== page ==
King George by Steve Sheinkin
What Was His Problem?: Everything Your Schoolbooks Didn't Tell You About the American Revolution

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“Entire books have been written about the causes of the American Revolution. This isn’t one of them.”  What it is, instead, is utterly interesting, antedotes (John Hancock fixates on salmon), from the inside out (at the Battle of Eutaw Springs, hundreds of soldiers plunged into battle “naked as they were born”) close-up narrative filled with little-known details, lots of quotes that capture the spirit and voices of the principals (“If need be, I will raise one thousand men, subsist them at my own expense, and march myself at their head for the relief of Boston” -- George Washington), and action, It’s the story of the birth of our nation, complete with soldiers, spies, salmon sandwiches, and real facts you can’t help but want to tell to everyone you know.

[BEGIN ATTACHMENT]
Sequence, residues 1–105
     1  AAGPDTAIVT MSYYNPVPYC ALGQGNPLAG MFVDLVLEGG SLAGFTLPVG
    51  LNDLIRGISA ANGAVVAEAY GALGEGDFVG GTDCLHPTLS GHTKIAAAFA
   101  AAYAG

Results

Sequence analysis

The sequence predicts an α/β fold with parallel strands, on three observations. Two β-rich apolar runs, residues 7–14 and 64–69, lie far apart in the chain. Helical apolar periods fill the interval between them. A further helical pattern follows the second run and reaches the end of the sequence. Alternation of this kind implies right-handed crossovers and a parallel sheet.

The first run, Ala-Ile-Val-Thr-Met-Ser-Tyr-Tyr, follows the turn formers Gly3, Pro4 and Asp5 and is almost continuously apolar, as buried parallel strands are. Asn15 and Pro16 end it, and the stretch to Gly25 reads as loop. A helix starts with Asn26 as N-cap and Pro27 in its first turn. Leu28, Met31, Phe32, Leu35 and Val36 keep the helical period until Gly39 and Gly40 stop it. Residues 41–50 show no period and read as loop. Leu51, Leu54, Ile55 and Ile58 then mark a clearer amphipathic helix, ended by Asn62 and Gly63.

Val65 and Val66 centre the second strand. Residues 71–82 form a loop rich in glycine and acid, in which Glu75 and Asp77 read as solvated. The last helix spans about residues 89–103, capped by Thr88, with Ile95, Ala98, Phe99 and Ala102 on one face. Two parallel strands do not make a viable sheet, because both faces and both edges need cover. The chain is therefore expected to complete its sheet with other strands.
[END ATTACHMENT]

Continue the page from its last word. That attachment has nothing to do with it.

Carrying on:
King George: What Was His Problem? is a 2009 Bank Street - Best Children's Book of the Year.

About Steve Sheinkin

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Steve Sheinkin is the recipient of the YASLA award for Excellence in Nonfiction. He resides in Saratoga Springs, New York.
Published July 7, 2009 by Flash Point. 208 pages
Genres: History, War, Children's Books, Education & Reference.

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For middle-graders who find Joy Hakim’s 11-volume A History of US just too daunting, historian Sheinkin offers a more digestible version of our country’s story—opening with an account of the American Revolution from the despised but not-unreasonable Stamp Act to the dramatic race to Yorktown.

May 01 2008 | Read Full Review of King George: What Was His Pro...

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